The author's background is in the humanities, and he relies on it wholeheartedly to present what is, essentially, a multidisciplinary and highly accessible overview of several major anime titles, from the well-known (Ghost in the Shell) to the thoroughly obscure (Twilight Q2: Labyrinth Objects File538). His analyses are essentially close readings that discuss both plot points, themes, and specific elements. Some of the topics he focuses on include example the mythological underpinnings of Jin-Roh, uses of Biblical reference in the second Patlabor film, nakedness and sexuality in Ghost in the Shell, and the way the image and idea of labyrinths is used in Urusei Yatsura: Beautiful Dreamer. When appropriate – but definitely in moderation – Ruh brings in specific sources. These include both writings on Japanese animation in general and analyses of specific titles, especially Patlabor and Ghost in the Shell, and broader writings on topics like the uses of Arthurian imagery in science fiction (in reference to Avalon) and Mary Douglas' concept of “ideological pollution” (which he uses to discuss Beautiful Dreamer). However, he stays away from overloading the chapters with either endnotes and references or specialized terminology, and does not presuppose a familiarity with literary criticism to nearly the degree that Napier does. And although his analyses tend to focus on the content of the texts being analyzed, rather than on their technical qualities as either anime, animation, or cinema, one extremely strong point is that Ruh never forgets that anime is inherently commercial. Accordingly, each chapter also discusses the specific ways a given title was created, the role of the studio that worked on it, and that of other staff members. This kind of analysis is frequently missing from writings on anime, and a discussion of how Jin-Roh the final product differed from Oshii's original vision for it – and why – is very much appreciated. On the other hand, one thing that very much isn't appreciated are the character lists and synopses that take up as much as a half of the book. These – invaluable as they may be to a student two hours away from having to hand in a paper – give the book somewhat of a flavor of a Cliff's Notes-style reference brochure. This volume is presumably meant to be a companion to Oshii's films, not a replacement for them, so the purpose of the synopses remains unclear – unless, of course, they are merely padding to drive the overall length of the work to the point where it can be comfortably sold.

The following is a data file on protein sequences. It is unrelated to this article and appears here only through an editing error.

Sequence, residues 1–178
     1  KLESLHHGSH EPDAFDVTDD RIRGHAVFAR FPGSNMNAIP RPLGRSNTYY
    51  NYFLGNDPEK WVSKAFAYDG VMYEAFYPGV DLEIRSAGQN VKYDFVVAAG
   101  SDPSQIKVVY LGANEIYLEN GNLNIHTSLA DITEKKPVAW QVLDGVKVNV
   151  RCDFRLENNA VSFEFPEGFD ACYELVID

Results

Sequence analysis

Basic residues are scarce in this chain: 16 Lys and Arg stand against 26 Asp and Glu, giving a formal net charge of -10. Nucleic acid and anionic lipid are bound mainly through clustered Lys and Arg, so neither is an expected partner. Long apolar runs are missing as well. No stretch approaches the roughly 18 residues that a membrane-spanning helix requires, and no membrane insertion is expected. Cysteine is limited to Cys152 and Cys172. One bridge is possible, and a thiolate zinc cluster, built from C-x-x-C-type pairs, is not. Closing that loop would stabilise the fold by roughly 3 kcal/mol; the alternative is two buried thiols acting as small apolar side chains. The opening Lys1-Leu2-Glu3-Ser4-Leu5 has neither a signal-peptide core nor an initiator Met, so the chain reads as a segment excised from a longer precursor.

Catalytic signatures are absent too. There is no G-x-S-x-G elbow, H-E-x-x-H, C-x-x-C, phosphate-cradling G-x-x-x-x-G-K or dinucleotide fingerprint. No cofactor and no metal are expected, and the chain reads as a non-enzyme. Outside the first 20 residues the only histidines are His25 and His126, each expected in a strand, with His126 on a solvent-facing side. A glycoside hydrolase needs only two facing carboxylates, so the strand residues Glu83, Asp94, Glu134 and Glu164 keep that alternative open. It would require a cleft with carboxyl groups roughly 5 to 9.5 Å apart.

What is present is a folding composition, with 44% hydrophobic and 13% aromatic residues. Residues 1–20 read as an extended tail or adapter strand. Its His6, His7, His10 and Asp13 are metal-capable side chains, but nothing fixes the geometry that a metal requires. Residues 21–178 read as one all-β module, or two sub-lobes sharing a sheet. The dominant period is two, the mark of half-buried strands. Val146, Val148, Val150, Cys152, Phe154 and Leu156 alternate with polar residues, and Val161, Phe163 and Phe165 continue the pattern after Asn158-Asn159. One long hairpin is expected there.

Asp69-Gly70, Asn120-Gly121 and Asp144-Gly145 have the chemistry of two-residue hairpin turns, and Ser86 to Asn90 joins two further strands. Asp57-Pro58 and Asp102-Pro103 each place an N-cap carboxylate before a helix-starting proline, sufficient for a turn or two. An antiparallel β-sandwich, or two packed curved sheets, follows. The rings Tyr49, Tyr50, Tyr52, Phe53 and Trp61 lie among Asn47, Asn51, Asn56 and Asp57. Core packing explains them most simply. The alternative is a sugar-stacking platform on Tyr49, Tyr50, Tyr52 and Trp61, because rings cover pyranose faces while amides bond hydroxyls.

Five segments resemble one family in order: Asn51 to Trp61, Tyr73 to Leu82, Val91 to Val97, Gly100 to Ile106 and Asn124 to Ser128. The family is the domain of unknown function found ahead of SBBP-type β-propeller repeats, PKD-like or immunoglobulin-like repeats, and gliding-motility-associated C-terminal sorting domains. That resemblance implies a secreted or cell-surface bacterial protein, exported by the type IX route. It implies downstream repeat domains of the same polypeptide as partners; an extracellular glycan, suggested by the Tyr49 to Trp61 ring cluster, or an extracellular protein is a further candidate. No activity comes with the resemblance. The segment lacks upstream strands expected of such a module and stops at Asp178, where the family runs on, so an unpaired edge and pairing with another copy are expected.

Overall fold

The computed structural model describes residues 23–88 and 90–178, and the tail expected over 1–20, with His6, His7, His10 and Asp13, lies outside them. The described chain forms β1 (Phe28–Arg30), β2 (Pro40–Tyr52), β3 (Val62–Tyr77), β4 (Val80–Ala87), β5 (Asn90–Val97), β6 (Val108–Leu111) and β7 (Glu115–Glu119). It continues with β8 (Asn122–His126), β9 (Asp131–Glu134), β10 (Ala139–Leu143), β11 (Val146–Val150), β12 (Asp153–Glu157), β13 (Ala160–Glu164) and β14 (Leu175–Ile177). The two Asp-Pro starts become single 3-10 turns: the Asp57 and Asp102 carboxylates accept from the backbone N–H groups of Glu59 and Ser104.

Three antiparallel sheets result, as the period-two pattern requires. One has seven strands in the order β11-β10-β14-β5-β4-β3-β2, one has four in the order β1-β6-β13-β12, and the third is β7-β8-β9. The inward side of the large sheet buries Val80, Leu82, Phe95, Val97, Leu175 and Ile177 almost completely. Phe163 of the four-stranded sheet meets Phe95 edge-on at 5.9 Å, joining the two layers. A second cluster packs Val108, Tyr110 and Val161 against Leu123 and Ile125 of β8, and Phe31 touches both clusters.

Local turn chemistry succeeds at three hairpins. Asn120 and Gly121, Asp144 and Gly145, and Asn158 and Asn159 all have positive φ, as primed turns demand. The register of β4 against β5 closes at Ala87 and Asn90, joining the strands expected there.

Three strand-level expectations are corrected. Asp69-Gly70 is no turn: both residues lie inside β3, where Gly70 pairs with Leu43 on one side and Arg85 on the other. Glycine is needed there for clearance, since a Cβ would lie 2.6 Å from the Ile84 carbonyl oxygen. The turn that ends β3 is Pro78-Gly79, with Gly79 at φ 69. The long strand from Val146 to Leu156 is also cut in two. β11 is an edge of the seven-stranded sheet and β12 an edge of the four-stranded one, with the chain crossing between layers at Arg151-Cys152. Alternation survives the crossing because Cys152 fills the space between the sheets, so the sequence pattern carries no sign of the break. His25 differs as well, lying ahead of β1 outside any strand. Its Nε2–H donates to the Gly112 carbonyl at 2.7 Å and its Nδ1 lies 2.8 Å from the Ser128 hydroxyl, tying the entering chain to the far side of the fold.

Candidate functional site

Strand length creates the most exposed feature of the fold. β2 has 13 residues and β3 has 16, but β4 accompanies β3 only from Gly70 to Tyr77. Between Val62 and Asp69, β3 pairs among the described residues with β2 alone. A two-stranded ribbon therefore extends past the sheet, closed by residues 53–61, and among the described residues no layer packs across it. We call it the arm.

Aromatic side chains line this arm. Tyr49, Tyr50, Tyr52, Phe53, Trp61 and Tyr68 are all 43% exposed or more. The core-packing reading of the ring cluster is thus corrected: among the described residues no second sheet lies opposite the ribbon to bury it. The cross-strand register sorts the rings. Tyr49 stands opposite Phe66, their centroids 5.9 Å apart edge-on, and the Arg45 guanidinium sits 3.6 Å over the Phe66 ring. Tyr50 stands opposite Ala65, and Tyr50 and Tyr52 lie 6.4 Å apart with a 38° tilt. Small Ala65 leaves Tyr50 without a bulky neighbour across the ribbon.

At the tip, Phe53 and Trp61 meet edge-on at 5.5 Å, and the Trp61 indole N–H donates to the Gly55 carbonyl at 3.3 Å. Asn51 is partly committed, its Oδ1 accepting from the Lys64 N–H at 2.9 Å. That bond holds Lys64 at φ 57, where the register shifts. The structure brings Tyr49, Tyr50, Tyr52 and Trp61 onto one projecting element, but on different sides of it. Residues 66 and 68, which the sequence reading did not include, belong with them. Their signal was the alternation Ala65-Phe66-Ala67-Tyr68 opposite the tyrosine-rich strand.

Notwithstanding this, “Stray Dog of Anime” is a very solid discussion of both a major anime director and several major anime titles, some of which have never been analyzed critically before. As is the case with all books on film studies, some movie fans will invariably go “what's the point, movies are made to be watched, not analyzed.” For those who want something more, though –whether they are longtime fans of Oshii's works, or have only seen one or two of his films – this is an excellent resource. In fact, much as Oshii himself is more than merely an anime director, this book holds its own very well indeed when compared to discussions of the major modern cinema directors in general.
Overall : A-
+ Thorough discussion of one of anime's most well-known directors that is elaborate without being too specialized. Neither speaks down to its audience nor expects an unrealistic level of familiarity with either the source material or academic language.